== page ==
Commentary by Maj. George Sanderlin
21st Space Operations Squadron Detachment 3 commander
KAENA POINT SATELLITE TRACKING STATION, Hawaii — I began my career as a 24-year-old airman first class in the mid-1990s, and I quickly decided that my abilities were not being fully utilized. I just couldn’t understand why my supervisor felt he needed to explain everything to me twice and watch over my shoulder at every opportunity. I was convinced that I could handle myself and get the job done if everyone would just stay out of my way. As I look back now, I realize the master sergeant was actually taking a personal interest in helping me reach my full potential. He ensured that I understood what was expected, gave me the tools to accomplish the task and allowed me to succeed and learn from my failures along the way. As I continued through my career, I saw a mix of attitudes and approaches to getting the most out of our Airmen and a few basic concepts have stuck with me: Empowerment, motivation and honest feedback.
Most of our responsibilities are dictated by the military structure of rank and chain of command, but many opportunities exist to empower our Airmen to accomplish tasks, which are key to mission success. Leaders must set the expectations, give our Airmen the necessary tools and trust our Airmen to accomplish the task. They should also be willing to allow Airmen to learn from their failures when appropriate. When this happens, you must help the Airman identify the cause of the failure and encourage them to offer solutions to overcome the challenge. Of course, there will be times when a leader must step in to avoid mission impacts or even safety issues, but you should help the Airman understand why.
In order to successfully develop our Airmen, we must determine what motivates them. For some, it may be as simple as a solid understanding of how they fit into the unit or Air Force mission. For others, it may be much more difficult to identify. As a flight commander, I had a brand new Airman who was clearly struggling. He was consistently late and his uniform always looked terrible. The leadership team in the unit tried several corrective actions with little success. I eventually discovered that this Airman had a huge interest in base honor guard, but he clearly wasn’t prepared for the responsibility.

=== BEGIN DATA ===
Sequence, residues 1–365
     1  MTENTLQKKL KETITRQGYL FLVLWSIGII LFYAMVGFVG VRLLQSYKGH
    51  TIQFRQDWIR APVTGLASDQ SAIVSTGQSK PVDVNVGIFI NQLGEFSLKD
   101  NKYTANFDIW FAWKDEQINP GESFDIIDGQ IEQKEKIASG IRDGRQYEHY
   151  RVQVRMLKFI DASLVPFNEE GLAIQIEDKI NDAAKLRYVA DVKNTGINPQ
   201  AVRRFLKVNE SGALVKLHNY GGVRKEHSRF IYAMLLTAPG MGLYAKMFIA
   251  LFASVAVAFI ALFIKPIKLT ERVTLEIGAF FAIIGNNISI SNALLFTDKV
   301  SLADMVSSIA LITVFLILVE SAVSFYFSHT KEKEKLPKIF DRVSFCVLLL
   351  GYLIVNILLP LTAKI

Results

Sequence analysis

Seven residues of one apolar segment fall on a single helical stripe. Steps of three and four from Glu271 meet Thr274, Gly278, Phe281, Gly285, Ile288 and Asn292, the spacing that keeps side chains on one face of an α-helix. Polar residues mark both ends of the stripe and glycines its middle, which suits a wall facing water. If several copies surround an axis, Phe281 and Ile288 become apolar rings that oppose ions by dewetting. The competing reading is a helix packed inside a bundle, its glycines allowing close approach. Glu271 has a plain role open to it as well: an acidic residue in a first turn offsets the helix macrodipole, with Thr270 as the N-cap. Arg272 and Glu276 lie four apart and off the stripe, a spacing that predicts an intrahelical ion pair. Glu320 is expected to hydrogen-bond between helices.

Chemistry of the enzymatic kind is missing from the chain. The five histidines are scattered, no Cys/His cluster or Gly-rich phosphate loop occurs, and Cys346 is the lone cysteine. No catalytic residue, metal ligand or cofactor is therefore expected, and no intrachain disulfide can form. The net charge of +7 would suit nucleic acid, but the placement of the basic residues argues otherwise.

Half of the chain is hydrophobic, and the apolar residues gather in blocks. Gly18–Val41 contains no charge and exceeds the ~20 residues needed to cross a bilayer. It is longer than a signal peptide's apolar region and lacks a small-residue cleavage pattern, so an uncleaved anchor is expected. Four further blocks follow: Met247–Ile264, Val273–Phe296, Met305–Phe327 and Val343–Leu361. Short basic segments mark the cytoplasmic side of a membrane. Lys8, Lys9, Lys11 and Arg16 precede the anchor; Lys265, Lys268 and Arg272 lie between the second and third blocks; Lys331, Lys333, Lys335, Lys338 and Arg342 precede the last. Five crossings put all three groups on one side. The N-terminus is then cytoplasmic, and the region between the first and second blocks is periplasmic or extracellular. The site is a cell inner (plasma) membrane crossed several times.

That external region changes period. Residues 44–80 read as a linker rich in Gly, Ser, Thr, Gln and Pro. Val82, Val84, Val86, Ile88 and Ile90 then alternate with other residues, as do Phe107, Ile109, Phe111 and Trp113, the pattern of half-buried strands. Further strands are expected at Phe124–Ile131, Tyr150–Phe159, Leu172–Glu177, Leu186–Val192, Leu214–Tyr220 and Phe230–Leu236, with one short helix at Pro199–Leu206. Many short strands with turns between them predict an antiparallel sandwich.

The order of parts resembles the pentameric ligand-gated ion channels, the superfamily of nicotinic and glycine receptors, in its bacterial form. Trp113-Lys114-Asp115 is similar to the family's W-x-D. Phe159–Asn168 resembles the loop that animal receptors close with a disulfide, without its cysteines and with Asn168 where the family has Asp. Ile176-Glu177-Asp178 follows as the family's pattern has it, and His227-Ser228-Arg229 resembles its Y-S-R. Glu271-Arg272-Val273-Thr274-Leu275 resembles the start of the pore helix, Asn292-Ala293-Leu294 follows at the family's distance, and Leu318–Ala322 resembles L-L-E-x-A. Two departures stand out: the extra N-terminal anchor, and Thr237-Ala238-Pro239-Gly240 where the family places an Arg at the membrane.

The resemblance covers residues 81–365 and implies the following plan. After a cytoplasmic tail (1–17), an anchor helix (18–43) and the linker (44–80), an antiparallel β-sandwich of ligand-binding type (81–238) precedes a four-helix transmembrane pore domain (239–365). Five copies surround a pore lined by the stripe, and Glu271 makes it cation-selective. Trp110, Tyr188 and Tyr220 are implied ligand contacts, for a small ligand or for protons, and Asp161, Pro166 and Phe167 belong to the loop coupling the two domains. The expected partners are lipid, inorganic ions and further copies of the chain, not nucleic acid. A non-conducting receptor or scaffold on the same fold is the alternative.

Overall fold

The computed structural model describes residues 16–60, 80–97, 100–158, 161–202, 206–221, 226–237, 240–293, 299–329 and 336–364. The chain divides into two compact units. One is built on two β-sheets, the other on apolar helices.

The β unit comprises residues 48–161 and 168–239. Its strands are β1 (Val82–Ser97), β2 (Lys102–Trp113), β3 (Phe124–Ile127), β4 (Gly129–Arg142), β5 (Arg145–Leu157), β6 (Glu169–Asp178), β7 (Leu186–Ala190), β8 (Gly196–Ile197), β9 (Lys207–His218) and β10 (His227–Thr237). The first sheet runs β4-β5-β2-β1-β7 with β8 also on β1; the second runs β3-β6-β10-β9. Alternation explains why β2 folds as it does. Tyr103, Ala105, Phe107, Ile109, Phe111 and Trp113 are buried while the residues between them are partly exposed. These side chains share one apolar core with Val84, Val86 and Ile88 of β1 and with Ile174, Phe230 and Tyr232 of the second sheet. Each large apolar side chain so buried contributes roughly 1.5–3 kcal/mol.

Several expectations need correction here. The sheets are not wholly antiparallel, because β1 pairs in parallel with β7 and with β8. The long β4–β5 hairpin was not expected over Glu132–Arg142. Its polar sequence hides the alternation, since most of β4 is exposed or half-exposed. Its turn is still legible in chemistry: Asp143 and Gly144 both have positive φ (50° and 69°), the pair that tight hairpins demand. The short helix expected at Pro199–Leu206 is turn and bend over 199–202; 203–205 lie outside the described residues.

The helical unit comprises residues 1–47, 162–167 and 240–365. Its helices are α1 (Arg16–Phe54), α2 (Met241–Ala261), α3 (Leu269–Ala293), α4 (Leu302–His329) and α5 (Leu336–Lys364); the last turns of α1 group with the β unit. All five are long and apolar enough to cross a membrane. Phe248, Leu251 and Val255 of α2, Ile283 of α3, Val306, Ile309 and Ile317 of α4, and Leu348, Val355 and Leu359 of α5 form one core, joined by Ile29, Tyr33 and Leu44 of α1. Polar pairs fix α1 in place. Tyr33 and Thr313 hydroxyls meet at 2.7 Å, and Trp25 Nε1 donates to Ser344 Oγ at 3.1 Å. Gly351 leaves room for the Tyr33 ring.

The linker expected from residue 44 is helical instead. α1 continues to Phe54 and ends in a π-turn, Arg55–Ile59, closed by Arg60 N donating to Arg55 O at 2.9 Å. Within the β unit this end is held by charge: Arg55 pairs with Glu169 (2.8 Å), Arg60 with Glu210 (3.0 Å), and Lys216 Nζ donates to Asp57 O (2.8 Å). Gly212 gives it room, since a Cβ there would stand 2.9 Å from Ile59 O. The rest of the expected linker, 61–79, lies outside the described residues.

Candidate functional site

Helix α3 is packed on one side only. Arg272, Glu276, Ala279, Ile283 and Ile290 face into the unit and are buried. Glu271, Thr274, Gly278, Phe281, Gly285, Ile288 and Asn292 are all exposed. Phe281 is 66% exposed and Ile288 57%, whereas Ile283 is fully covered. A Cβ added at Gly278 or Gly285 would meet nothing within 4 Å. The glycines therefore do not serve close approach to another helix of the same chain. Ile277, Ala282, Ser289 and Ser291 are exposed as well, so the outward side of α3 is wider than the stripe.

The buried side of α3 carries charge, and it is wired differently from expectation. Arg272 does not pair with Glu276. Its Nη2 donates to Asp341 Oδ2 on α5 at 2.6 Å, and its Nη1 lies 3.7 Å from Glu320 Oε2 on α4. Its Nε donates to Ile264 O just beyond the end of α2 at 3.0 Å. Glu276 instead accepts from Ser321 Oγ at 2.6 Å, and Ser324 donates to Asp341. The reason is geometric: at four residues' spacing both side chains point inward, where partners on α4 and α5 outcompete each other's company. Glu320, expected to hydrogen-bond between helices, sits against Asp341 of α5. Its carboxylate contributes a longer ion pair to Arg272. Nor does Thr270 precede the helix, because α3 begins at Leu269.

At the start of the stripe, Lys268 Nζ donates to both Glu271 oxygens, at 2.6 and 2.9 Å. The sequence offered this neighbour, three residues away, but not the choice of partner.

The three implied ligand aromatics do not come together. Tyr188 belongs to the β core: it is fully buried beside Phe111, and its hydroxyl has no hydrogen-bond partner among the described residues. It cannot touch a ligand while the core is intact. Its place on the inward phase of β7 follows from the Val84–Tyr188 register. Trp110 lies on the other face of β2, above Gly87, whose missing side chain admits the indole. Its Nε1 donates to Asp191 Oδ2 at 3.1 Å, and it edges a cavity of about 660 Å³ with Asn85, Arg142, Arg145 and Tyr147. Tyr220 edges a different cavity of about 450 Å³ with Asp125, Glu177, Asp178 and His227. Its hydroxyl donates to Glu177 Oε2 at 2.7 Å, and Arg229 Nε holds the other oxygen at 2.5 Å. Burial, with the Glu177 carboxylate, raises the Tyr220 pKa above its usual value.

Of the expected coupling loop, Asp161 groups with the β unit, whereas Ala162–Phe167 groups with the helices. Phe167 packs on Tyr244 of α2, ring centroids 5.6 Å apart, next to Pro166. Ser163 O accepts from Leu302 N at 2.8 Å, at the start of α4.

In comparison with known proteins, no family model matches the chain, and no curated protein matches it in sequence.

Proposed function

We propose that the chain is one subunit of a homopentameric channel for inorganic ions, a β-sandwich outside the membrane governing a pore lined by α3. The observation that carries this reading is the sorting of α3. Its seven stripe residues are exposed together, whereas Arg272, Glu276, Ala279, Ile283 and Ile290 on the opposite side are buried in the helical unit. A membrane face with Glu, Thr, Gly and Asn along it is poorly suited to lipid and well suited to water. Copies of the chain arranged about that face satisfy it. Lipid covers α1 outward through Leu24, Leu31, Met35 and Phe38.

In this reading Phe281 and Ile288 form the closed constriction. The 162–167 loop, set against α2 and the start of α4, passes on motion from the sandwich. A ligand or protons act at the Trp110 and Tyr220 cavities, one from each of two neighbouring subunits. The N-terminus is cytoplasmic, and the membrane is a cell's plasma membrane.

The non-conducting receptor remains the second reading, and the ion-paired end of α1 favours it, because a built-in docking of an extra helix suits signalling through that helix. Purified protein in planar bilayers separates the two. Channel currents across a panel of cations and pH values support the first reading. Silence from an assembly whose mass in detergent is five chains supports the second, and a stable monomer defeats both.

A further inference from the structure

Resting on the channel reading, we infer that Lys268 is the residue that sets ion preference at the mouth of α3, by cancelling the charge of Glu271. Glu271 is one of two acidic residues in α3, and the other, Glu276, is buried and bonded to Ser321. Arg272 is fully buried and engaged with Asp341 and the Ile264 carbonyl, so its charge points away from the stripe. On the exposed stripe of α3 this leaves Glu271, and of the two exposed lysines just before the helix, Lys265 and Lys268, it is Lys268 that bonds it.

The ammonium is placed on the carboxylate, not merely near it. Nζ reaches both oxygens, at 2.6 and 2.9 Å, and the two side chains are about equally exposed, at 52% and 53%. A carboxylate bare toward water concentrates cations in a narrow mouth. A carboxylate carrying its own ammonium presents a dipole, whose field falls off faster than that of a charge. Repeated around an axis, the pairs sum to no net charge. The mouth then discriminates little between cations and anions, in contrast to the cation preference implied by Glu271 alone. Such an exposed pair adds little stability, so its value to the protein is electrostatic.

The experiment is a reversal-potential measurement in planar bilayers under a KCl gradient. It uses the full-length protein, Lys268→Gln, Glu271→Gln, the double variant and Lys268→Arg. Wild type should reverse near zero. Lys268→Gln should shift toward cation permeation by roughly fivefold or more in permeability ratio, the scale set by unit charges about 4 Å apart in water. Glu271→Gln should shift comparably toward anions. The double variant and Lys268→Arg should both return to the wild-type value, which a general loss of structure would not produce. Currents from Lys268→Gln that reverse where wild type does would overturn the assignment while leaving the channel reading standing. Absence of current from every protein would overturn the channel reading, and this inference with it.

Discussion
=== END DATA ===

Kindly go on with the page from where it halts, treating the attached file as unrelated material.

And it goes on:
Together, we set goals and challenged the Airman to accomplish those goals with the promise of a chance at base honor guard if he succeeded. The immediate change was amazing as he accomplished one goal after another and established a pattern of success. He did eventually get his opportunity with the honor guard and he shined. I believe he finally realized a sense of purpose and developed pride in serving as an Airman in the U.S. Air Force.
Whether our Airmen excel or struggle, leaders must provide honest feedback along the way. The feedback should include both formal and informal processes. The performance feedback worksheet must not be the only feedback an Airman receives. Informal feedback can include a simple “thank you” in the hallway or a candid discussion in your office. As an Airman, I remember the most meaningful feedback was when my supervisor would just sit down and talk with me. We give a lot of attention to correcting undesirable actions of our personnel; however, we also need to spend time providing positive feedback to those who succeed every day. In my opinion, every Airman is receptive to both positive and negative feedback as long as it is delivered honestly and fairly. It is a leader’s responsibility to build realistic expectations in our Airmen by helping them realize their true potential while giving them opportunities to correct their weaknesses.
Occasionally, all of this comes together and you have an Airman who is empowered and exceptional. Many have referred to them as a “shiny penny.” An exceptional performer can have amazing effects if you give them opportunities to lead within the unit. I have worked with several of these special Airmen and they’ve always inspired me to improve myself and encourage others. However, it is easy to rely on them too much and potentially impact their development negatively. Be aware of overloading them, especially if the decision is based on others not meeting the standard. On several occasions during my career, I have actually had the opportunity to trade in my “shiny penny.” Sometimes the best thing for them and for the Air Force is to push them to a new job such as First Term Airmen Center, NCO in charge, group admin staff, etc., to continue their development. You may not directly reap the rewards, but focusing on the future can bring even greater benefits to the Air Force.
I encourage leaders at every level to take time to develop Airmen to their maximum potential. Give them the tools they need for success, offer honest feedback along the way, and watch them grow into tomorrow’s Air Force leaders.